Chances are you don't get giddy looking at a fire hydrant. But Nick Bounds does.
"I can look at a hydrant and laugh," he said. "And I tell my wife sometimes, 'I made that.'"
Actually, Bounds helps make hydrants do what they're supposed to. As the city blacksmith, Bounds creates the metal tools or replacement parts needed to maintain Minneapolis' aging hydrants and water mains.
He does that because often there are no new parts that can be ordered for old infrastructure.
"Back in old times everybody went to the blacksmith to get something made," said Bounds. “And sometimes, blacksmiths made horseshoes because they could do it. But traditionally, a farrier will do the horseshoes."
Bounds' work area at the city’s east side yard in Minneapolis looks like the lair of a mad scientist. Rods made of steel and iron are stacked and ready to be cut apart, bent or welded onto others. Several large bins full of gears and gizmos look like the spare parts Marvel Comics hero Tony Stark used to craft his first crude version of Iron Man.
The part of the job he really loves
Garage doors on one end of the shop can be raised to help dissipate heat and odors that can make Bounds' workplace hard for coworkers to bear.
One day Bounds opened up a metal covering attached to a section of pipe.
"It just reeked like all get-out when I took this apart," said Bounds. "This one had everyone in tears almost. It was that bad."
But there was treasure inside that sealed casing long buried under the city streets: a pristine set of gears that can be reused.
"Look at how clean it is,” he said. “It's like brand new. And it's been in the ground for like 18 to 20 years."
Bounds said the gears, which came from a gate used to open and close the flow of water, are in such good shape because they were sealed in oil. However, the section he opened also contained some organic matter which fouled up the shop.
Bounds is clearly excited about his find. But the part of his job that he really loves is welding. A particular form, called stick welding, is his jam.
"It's old school," said Bounds, who's been a welder for 30 years. "A skilled welder loves stick welding because it just takes you to that place. I love it."
In layman's terms, stick welding — also called shielded metal arc welding — involves the use of electric current to create intense heat that bonds metal together. The welding tool is an electrode that looks like a stick about the width of a shake straw. The surge of electricity makes a loud zapping noise.
Bounds dons his fire-retardant jacket and drops the dark shield of his welding helmet over his face. The intense light, he warns, will damage the naked eye.
In a little over 30 seconds, Bounds welds a section of a 6-foot-long steel rod onto a metal box that is open on one end. The open end of the box will fit onto the top of a gate — similar to the foul-smelling one Bounds previously described. Workers use the tool like a socket wrench to turn the gears inside the gate to control the flow of water through the city’s water mains. Usually, he'll make 40 to 45 of these tools at a time.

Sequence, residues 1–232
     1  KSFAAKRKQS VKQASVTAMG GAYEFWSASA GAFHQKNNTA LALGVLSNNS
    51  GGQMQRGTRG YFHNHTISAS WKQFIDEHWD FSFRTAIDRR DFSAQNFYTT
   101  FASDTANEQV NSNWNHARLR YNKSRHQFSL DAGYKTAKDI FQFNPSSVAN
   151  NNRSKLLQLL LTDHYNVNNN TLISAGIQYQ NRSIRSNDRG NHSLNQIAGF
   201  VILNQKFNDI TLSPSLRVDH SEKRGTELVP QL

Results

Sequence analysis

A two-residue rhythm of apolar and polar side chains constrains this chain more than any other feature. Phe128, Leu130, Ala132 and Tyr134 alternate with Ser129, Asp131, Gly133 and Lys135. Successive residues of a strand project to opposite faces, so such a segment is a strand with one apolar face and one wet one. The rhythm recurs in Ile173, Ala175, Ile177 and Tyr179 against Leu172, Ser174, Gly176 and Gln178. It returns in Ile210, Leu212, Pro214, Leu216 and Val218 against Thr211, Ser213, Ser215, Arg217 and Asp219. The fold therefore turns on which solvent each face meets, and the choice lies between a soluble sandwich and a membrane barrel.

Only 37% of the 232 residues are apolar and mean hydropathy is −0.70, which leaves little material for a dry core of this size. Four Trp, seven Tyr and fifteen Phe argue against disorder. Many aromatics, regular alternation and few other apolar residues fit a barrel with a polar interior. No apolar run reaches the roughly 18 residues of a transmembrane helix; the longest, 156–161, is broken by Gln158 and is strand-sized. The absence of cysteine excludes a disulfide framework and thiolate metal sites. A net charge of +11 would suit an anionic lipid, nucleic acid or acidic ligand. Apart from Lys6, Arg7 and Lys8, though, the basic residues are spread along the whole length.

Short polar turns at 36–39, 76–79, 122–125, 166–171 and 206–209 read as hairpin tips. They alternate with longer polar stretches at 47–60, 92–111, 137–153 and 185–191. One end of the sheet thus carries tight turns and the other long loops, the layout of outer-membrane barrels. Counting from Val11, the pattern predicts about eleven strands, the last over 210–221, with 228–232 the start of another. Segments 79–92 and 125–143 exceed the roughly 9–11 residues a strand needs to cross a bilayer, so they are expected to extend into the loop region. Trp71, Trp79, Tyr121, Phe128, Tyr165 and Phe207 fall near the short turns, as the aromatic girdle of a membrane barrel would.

As part of his job, Bounds welds short handles onto the shovels public works crews use to dig around water mains while in tight corners. He makes the long metal keys workers use to open the dessert-plate-sized water main access covers that sit along city sidewalks.
And Bounds makes hydrant wrenches.
"This goes on like that — bada bing, bada boom — they turn it. And, it opens," said Bounds as he demonstrated how the tool fits over the top nut of a hydrant.
Parts of the wrenches are fashioned at the city's machine shop in Fridley. But Bounds welds steel handles on the tools to make them stronger and easier to use. Some of the older wrenches were made of cast iron, which he said is porous and can break. And Bounds said the handles on those tools were too short.
"It's hard to wrench on something when it's short," said Bounds. "You actually need a little leverage there. That's why I make them long. They like that."
‘You’re going to have to do something with yourself’
Bounds grew up in north Minneapolis and attended North High School. As a young man, Bounds says he "got into a lot of trouble" and spent some time locked up. Then one day, his mom gave him an ultimatum.
"My mom sat me down at the dinner table and she told me, 'I'm not going to take care of a grown man.' She said, 'You're going to have to do something with yourself, or get out.'"
So after high school, Bounds enrolled at Dunwoody Institute in 1987. He said he decided to take welding because it looked like it would be the easiest course.
"And, it wasn't," he said.
After finishing the two-year welding program in 1989, Bounds went on to build boilers and bridges. He's been at the city of Minneapolis for 19 years.
Bounds, 50, is married and has an 18-year-old son who's going to college.
In addition to the tools city employees use, Bounds said he's equally proud of his work that winds up buried underground.
"My instructor told me, 'Whatever you work on, work on it as if it's going to be shown to the world. Even if it's under a car,’" said Bounds. "So that's how I work. I don't care if nobody sees it.”
Your support matters.
You make MPR News possible. Individual donations are behind the clarity in coverage from our reporters across the state, stories that connect us, and conversations that provide perspectives. Help ensure MPR remains a resource that brings Minnesotans together.